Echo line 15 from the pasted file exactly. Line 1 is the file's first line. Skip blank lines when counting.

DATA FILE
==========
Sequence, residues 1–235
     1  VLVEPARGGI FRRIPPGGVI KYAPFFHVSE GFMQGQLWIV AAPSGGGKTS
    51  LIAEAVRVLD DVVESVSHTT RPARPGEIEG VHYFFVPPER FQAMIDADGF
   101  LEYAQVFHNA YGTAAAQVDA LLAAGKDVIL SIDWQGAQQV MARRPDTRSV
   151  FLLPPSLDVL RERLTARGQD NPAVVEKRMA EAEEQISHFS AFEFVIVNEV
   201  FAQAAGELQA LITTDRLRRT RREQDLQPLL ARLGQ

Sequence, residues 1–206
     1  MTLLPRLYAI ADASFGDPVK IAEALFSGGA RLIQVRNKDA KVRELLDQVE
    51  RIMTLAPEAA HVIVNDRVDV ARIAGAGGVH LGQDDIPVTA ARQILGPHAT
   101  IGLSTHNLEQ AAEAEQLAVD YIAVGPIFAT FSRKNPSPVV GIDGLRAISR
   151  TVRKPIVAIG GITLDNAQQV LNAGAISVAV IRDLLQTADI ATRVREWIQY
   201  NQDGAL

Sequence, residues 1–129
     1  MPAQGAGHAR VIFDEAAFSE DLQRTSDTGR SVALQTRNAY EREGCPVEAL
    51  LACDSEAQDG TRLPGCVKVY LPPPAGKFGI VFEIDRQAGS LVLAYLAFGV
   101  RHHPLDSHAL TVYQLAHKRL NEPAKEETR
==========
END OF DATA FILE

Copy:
    51  LACDSEAQDG TRLPGCVKVY LPPPAGKFGI VFEIDRQAGS LVLAYLAFGV